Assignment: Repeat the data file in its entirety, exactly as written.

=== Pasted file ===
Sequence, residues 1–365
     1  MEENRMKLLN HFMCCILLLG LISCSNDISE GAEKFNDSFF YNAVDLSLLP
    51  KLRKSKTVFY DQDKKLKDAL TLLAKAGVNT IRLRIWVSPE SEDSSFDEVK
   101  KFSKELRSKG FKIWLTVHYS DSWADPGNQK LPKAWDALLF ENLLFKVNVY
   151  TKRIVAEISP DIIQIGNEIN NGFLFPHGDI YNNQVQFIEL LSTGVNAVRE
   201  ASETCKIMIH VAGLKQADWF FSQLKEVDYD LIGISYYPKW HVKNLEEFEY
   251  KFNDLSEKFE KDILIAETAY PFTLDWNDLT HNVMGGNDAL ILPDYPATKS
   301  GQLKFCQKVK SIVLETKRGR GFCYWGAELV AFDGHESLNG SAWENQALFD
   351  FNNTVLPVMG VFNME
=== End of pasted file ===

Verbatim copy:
Sequence, residues 1–365
     1  MEENRMKLLN HFMCCILLLG LISCSNDISE GAEKFNDSFF YNAVDLSLLP
    51  KLRKSKTVFY DQDKKLKDAL TLLAKAGVNT IRLRIWVSPE SEDSSFDEVK
   101  KFSKELRSKG FKIWLTVHYS DSWADPGNQK LPKAWDALLF ENLLFKVNVY
   151  TKRIVAEISP DIIQIGNEIN NGFLFPHGDI YNNQVQFIEL LSTGVNAVRE
   201  ASETCKIMIH VAGLKQADWF FSQLKEVDYD LIGISYYPKW HVKNLEEFEY
   251  KFNDLSEKFE KDILIAETAY PFTLDWNDLT HNVMGGNDAL ILPDYPATKS
   301  GQLKFCQKVK SIVLETKRGR GFCYWGAELV AFDGHESLNG SAWENQALFD
   351  FNNTVLPVMG VFNME